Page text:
As I discovered last year, there comes a time when you enter a zone, oblivious to things around you. Don't try to break out of it, don't try to shake yourself out of it. It will happen after you have seen enough hunks, enough PYTs, after you have run out of things to think about. It is a moment when you have no thoughts, you are blank. It is a moment of silence, a moment of ecstasy and i am not referring to the drug. Stay with it and you will finish before you can say SCMM. That for me is the moment to run for.
This year there is one big prize in store for you to grab if you are smart about it. It is the opportunity to finish with the athletes. Given the start for ordinary runners is at 540 and for elites at 7 40, if you are a 3 hour marathoner or even a 4 hour marathoner, you can finish with the elites. I know people who are planning to run with the elites, but I think if i were in their place, I would start at 5 40 and finish ahead of the elites. Just imagine a photograph of Vatsan racing to the finish with a Nigerian in hot pursuit. the photo will not say that Vatsan started earlier, it will simply capture a moment that can be the stuff to regale his grandchildren with: "I finished ahead of the Africans and here is the proof."
The toughest place to be is at the start when people are boasting about how fast they will finish. Don't stay anywhere near them. Let me tell you that we had a runner last year who finished 21 in 90 minutes but took thrice as much time to finish the next 21. As many as 3 of the 6 people who were bragging at the start did not finish. It can happen to the best of us at the worst of times. So if you need a massage at the medical tent, stop and ask for it. if you are cramping up, stop at the medical station and ask them to help you. The minute or two that you may lose here is nothing compared to the downside of not finishing.
It is a long race. Most of the people i know will be in the 4 hour category. That is a long time to be on the road for. So if you have to pee, go ahead and pee. Don't even think of worrying about losing time because of that. You will actually run faster once you have relieved yourself. As my friend Savio was explaining to one of his wards, the difference between a 6 min km and a 5 min km is just a minute. A minute is nothing in the duration of a 4 hour run. It is even less if you are going to be running for close to 6 hours like me.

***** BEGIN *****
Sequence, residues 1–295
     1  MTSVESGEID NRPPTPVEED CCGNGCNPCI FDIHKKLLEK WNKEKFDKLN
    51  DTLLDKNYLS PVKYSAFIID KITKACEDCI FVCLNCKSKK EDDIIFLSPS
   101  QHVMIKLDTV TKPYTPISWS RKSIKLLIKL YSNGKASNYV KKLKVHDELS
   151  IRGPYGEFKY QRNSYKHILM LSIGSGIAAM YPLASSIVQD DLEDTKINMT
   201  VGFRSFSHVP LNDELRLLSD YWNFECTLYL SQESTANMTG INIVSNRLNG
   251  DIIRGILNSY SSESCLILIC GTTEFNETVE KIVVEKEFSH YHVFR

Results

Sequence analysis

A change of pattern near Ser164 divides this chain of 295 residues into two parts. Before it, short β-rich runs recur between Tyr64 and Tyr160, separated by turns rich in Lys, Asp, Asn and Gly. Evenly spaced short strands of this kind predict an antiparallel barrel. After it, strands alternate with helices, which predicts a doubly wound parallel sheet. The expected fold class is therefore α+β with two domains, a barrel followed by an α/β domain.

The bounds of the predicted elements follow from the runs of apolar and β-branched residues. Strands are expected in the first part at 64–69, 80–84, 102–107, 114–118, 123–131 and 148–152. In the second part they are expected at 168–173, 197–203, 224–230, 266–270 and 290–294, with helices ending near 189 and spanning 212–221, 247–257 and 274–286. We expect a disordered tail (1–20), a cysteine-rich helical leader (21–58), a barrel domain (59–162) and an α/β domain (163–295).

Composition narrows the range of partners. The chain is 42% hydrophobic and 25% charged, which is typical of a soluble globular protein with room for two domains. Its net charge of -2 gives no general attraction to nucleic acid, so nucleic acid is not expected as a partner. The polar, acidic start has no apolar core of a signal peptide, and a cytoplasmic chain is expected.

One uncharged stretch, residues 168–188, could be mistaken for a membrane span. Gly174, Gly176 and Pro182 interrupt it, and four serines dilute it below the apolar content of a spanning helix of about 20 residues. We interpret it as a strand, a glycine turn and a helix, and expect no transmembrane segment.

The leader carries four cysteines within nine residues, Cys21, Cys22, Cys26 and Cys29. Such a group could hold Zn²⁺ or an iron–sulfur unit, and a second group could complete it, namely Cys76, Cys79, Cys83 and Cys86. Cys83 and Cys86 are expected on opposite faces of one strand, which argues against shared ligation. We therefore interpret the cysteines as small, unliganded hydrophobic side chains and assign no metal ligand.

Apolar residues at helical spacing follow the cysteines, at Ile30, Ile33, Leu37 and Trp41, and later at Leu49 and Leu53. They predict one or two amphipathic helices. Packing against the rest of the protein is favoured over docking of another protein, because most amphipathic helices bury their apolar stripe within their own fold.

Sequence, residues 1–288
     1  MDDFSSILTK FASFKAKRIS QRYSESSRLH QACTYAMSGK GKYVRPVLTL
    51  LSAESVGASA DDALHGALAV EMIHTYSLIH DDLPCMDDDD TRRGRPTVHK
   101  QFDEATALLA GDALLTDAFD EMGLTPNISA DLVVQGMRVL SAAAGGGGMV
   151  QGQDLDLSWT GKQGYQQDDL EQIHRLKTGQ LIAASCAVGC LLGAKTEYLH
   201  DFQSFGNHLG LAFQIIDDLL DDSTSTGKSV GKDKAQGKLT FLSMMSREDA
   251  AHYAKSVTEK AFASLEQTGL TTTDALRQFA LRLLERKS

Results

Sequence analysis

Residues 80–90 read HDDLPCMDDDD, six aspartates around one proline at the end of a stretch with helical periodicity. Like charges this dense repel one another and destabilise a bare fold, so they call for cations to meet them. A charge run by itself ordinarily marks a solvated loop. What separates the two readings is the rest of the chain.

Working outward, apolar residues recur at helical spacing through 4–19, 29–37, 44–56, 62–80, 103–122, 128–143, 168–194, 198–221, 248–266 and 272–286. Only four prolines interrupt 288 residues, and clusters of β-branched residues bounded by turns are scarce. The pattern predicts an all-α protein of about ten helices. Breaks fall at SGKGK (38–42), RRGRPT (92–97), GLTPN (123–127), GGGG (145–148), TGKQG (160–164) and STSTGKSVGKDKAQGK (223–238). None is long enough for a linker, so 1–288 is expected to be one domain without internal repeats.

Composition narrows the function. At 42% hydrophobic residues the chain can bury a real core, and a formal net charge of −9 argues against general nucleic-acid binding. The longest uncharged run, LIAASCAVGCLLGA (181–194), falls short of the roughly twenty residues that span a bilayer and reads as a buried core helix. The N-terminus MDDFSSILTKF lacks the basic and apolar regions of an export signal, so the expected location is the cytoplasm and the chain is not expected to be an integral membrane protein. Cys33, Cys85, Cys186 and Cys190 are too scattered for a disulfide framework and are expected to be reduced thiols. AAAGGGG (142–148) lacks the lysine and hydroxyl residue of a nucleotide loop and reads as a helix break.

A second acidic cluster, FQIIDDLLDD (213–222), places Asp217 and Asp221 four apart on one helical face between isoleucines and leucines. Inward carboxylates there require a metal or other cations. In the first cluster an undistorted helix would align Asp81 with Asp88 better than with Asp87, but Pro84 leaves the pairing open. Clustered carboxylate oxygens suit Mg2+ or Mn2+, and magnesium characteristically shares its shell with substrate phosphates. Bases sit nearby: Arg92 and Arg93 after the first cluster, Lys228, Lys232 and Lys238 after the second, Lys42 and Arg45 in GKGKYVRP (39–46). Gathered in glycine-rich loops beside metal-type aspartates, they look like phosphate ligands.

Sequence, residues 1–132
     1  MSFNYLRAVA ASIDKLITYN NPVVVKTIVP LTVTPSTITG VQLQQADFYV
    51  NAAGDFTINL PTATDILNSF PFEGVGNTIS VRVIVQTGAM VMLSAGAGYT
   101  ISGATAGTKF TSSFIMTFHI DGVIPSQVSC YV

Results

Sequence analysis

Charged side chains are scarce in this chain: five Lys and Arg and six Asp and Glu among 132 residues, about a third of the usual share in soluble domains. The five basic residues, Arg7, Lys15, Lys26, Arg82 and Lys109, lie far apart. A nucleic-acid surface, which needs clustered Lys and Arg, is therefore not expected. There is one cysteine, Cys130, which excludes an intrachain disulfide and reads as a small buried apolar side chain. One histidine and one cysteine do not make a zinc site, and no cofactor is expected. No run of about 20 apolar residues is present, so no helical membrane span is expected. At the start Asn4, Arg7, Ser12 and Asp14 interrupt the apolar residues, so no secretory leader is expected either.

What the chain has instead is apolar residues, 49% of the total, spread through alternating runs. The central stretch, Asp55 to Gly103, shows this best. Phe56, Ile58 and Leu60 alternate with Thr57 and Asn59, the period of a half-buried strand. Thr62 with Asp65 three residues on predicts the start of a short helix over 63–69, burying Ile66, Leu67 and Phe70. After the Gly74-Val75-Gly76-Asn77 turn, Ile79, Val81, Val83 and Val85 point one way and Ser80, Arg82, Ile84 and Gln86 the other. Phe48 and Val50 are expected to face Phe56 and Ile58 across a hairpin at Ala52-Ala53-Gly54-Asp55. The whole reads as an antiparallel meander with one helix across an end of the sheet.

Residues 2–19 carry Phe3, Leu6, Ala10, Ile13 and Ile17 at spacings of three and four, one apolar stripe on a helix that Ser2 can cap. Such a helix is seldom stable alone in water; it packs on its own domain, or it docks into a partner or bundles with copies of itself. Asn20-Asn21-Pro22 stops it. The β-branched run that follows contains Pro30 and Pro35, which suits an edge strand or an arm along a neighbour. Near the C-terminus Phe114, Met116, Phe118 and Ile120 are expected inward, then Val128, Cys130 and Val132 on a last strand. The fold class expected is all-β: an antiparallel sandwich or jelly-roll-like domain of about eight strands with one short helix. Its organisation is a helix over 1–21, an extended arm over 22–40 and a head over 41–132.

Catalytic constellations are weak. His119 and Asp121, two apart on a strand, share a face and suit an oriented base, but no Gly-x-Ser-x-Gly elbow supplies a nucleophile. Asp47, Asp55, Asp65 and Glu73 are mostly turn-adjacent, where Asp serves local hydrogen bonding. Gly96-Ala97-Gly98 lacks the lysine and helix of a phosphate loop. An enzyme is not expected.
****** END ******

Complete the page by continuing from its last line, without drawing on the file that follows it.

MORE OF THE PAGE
So there, have a great run. It is a run, it is supposed to be fun. Leave it be and it will happen. Good luck and godspeed.

To pee or not to pee: The missing element in your race strategy.

So you have trained well, you are looking at a PB, your race strategy has been designed to get you a PB, you think you have a perfect strategy for a PB, BUT DO YOU HAVE A STRATEGY FOR THE PEE?
I hope that my experience will help you draw up your own plan. I must tell you, please do not just giggle and let it be, because as you will discover, especially if you are a marathon virgin, this is one of the most important questions that you will confront on the road. If you do not have an answer worked out, you are in trouble. Your bladder will be a drag, "what gall" it will say to you as you are caught between paying attention to the full bladder and the running.
Until SCMM 2011 when I ran my first marathon (all of the earlier runs were 21 k, to call it a HM is an insult to the real thing), I never had this problem. I had never hydrated properly and there never was an urge to pee just before the start or during the race. But for SCMM 2011, for the first time in my life, I had hydrated well in the run up to the race, so much so, to borrow a phrase from a friend of mine, I was well liquidated by the time I reached the venue. I saw a public facility just outside azad maidan and in I went to empty my bladder before entering the holding area, pun unintended. Trouble started as the gun went off, may be because of the hydration or because of stage fright, I felt like peeing again. The bladder was getting full rapidly. knowing the topography as well as i do (when you are as slow a runner as i am, you get to inspect every stationary object very closely as you get that much more time to observe), I decided that i would use the facility under the Marine drive flyover, which I did. thats when it hit me that I had no clue where the next loo was, so my hydration for the rest of the race suffered. i had considered briefly but rejected the possibility of peeing in my pants, knowing that it could potentially raise a stink and i dont mean just with the organisers. :)